11-Day Power Play reaches $1M goal on opening night - again

Jul 6, 2018

The 11-Day Power Play kicked off with a tribute to some of those lost to cancer over the past year before a full crowd at HarborCenter last night. The hockey marathon founded by Mike and Amy Lesakowski also reached its $1 million goal for cancer research on its first day again.

Credit @CampGoodDays / Camp Good Days and Special Times

Mike Lesakowski says the hockey marathon opened last night at HarborCenter with $900,000 of its $1 million goal already in hand. But then....

"It was creeping up $998,000, $999,000 and a couple of the guys were out having an after-skate beverage and two of the guys said, 'You know, we gotta see this website flip to $1 million,' and in true fashion of our guys, two of the guys stepped up," he said. "Each donated $500 so we could watch it all together flip over to the $1 million mark. That happened about 1 o'clock in the morning last night."

A good crowd cheered opening night.
Credit @BWipp and @PicSixCreative / HarborCenter

Lesakowski said he will be "so excited" if this second year of the event exceeds last year's fundraising total.

"You know, we've got over 1,500 players this year, so every four hours we've got new people coming in and out, so I fully expect that we pull in another chunk of change from now until the end of the event," he said, "We have 10 more days to go and lots of merchandise to sell, lots of people to come in and out of the doors. So it's very feasible that we exceed last year's total, which was $1.2 million."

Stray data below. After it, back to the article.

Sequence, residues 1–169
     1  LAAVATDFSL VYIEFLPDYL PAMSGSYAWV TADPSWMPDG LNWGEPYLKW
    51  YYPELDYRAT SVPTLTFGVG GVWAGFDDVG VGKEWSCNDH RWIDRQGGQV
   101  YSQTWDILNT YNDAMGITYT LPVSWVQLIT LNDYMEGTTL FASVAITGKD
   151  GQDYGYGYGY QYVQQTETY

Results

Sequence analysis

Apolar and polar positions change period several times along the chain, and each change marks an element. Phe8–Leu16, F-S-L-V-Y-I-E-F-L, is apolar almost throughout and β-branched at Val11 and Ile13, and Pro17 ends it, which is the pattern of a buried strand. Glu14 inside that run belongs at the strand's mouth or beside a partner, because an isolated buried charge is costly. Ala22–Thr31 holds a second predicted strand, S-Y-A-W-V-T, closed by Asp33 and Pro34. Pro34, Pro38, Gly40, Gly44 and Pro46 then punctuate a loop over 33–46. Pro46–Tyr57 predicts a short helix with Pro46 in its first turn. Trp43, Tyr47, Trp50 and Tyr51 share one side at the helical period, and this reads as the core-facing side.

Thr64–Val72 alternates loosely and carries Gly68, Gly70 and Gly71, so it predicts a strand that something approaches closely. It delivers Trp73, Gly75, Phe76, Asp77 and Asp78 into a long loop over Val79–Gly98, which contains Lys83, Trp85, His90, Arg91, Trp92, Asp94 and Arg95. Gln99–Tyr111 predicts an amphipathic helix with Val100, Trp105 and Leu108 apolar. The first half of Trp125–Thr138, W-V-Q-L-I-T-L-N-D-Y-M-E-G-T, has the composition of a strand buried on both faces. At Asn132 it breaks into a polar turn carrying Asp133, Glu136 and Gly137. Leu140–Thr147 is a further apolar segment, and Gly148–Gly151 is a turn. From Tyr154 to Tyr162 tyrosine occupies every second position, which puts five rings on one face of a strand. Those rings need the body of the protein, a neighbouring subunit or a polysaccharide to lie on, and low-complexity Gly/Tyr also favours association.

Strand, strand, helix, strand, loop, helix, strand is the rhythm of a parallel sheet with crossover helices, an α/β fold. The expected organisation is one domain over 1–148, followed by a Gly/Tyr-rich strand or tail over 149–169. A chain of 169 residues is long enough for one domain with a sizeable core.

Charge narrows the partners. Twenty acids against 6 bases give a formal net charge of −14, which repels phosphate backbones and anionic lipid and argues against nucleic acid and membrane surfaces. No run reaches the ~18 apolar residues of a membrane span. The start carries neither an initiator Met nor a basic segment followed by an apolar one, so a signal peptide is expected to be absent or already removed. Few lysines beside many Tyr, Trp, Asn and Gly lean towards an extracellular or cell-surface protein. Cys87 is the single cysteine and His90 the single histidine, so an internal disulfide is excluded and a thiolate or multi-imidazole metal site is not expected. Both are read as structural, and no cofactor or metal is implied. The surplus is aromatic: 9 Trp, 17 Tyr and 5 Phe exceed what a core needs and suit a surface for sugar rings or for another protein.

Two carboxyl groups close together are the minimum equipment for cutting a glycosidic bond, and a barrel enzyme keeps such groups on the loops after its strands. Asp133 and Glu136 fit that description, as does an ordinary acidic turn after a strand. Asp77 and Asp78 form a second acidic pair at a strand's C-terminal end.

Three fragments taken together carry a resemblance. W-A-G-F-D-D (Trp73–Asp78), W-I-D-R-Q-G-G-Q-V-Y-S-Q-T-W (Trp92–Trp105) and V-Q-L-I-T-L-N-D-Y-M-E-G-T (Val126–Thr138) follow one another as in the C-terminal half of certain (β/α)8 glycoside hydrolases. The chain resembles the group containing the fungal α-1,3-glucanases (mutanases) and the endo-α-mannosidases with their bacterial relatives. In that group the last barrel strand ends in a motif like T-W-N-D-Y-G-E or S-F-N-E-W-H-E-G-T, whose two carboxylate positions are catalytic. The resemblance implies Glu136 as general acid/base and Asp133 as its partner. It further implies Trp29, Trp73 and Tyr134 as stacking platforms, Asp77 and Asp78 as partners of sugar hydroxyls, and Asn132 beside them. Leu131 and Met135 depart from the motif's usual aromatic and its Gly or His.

Last year, 40 players were recruited to raise money for Roswell Park Comprehensive Cancer Center. They played 251 straight hours of hockey to earn a Guiness World record for the longest hockey game.

This year, 120 teams are taking to the ice, with a new team every four hours over the 11 days. Camp Good Days and Special Times and the Make-a-Wish Foundation also will benefit from funds raised.

There is plenty more hockey to play. It continues through July 15 at 6 p.m. and Lesakowski hopes opening up play to the community helps surpass last year's inaugural event.
    
"We've got all kinds of cool stuff," he said. "We've got our original guys, we've got youth teams, we've got girl teams, we've got father-sone teams, we've got company teams, we've got high school reunions, we've got college reunions - all kinds of interesting groups of people who have played together over the years," he said, "and it's really been a lot of fun."